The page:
I have encountered a weird situation while I’m writing a piece of code in Ruby. Here is the sample code extracting the essence of the problem I have faced. First, I tried to get the matching result with a line of code as follows.

```
p1 = /hello/
p2 = /world/
s = "hello, world"
if m1 = s.match(p1) || m2 = s.match(p2)
puts "m1=#{m1}"
puts "m2=#{m2}"
end
```

It shows:

```
m1=hello
m2=
```

Oops, I forgot that the logical operator `||`

does the short-circuit evaluation. It makes `m2`

nil. What I wanted to do was checking both regular expressions are matching with the given string. Here is the correct one.

```
if m1 = s.match(p1) && m2 = s.match(p2)
puts "m1=#{m1}"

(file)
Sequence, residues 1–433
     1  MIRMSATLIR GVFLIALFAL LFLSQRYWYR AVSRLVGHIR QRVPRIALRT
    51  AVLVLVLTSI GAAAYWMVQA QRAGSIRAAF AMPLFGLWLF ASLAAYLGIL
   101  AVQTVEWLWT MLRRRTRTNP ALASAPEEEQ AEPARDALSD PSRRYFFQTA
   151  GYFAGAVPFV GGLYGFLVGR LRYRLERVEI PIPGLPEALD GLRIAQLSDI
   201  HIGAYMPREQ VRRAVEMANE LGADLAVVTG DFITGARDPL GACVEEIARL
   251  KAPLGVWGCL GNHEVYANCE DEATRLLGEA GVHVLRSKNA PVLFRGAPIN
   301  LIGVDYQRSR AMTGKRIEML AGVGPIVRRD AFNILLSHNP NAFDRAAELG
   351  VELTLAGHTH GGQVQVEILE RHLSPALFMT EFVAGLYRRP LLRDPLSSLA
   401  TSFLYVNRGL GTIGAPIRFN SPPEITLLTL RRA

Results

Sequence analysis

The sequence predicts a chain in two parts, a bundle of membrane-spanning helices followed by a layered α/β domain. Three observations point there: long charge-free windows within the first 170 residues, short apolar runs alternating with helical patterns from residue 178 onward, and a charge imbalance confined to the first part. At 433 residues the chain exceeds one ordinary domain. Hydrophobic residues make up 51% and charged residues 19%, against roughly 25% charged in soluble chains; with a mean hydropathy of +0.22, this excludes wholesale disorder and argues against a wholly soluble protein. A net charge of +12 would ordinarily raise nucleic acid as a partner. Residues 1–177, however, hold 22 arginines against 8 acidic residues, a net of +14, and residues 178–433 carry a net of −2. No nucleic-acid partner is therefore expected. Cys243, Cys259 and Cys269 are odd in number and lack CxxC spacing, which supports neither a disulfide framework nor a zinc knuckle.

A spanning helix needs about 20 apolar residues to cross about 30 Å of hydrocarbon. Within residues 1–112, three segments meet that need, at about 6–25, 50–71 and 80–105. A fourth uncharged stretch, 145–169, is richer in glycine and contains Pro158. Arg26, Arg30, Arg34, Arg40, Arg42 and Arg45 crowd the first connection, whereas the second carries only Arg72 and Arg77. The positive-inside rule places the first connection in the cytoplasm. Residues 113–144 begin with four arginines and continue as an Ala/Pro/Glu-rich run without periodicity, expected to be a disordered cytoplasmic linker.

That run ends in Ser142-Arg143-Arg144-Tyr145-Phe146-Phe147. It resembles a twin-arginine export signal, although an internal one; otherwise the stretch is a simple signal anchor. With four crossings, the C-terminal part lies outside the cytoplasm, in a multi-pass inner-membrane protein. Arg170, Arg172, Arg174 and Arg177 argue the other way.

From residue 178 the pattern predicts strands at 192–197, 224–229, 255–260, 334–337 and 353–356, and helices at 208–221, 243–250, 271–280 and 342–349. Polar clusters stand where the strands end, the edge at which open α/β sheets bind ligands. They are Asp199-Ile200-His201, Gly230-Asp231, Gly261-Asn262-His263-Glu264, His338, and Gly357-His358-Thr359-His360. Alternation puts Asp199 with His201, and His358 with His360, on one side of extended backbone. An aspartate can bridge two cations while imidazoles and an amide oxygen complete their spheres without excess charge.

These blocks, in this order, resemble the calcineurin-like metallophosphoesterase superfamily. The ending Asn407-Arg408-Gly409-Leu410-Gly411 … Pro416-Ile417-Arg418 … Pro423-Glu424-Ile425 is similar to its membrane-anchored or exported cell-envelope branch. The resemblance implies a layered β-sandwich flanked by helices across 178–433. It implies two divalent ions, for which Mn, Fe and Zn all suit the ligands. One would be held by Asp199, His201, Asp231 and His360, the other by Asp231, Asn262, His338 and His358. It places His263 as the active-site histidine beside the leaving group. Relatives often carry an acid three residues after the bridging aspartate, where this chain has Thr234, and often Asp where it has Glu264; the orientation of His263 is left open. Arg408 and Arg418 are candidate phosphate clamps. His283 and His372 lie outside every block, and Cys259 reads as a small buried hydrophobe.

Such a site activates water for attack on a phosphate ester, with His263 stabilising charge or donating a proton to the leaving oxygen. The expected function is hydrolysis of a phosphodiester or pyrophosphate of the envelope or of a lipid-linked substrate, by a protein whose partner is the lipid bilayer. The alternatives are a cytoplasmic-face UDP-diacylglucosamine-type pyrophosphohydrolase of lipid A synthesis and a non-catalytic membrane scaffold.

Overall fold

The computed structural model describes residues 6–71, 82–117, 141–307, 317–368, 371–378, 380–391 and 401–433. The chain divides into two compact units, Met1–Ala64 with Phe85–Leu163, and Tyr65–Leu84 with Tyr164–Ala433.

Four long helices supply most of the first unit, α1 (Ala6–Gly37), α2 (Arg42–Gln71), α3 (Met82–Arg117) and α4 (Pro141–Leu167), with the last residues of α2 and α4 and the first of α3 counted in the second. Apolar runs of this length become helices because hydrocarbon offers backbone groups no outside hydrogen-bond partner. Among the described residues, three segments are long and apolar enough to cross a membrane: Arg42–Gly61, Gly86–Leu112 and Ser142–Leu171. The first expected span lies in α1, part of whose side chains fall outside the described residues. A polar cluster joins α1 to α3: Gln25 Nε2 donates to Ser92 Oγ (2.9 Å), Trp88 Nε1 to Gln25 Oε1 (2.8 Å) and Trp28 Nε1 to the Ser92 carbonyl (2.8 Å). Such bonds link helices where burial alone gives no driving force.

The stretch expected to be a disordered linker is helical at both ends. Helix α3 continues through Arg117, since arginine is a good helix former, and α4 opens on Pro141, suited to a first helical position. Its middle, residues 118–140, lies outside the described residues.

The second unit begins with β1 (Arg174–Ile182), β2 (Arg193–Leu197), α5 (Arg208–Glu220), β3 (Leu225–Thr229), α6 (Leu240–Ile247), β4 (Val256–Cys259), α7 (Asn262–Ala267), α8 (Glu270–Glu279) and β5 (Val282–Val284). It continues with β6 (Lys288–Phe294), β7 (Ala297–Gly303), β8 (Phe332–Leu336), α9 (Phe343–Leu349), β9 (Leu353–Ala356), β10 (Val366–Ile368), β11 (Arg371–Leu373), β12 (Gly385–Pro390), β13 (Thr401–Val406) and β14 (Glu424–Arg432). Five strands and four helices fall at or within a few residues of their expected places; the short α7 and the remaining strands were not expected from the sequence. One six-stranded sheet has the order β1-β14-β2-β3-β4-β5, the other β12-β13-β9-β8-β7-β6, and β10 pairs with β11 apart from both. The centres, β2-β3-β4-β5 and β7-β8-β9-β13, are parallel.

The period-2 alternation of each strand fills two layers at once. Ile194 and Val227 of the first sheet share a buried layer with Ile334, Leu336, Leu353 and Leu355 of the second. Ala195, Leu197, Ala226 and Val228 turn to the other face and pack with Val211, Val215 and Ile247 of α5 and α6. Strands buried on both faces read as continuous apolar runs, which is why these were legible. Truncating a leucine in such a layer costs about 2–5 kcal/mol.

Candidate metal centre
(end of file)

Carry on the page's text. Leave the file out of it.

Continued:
puts "m2=#{m2}"
end
```

But it shows:

```
m1=world
m2=world
```

Hmm, the result was unexpected. Why is `m1`

assigned by the outcome of `p2`

pattern? I expected that the result of the matching of `p1`

pattern is assigned to `m1`

and so forth for `m2`

. Is the precedence of the operators correctly working?

According to the Ruby operator precedence, the logical operator `&&`

precedes the assignment operator `=`

. Therefore, the evaluation order of the previous code should be same as:

```
if (m1 = s.match(p1)) && (m2 = s.match(p2))
puts "m1=#{m1}"
puts "m2=#{m2}"
end
```

Obviously, its outcome is expected.

```
m1=hello
m2=world
```

In reality, the evaluation looks like:

```
if m1 = (s.match(p1) && m2 = s.match(p2))
puts "m1=#{m1}"
puts "m2=#{m2}"
end
```

The logical operator follows the assignment to `m2`

.

Since the result seems weird and I’m still not sure the mechanism behind this behavior, I posted one question in StackOverflow

I would very much appreciate it if you could find the answer to this problem. Thanks!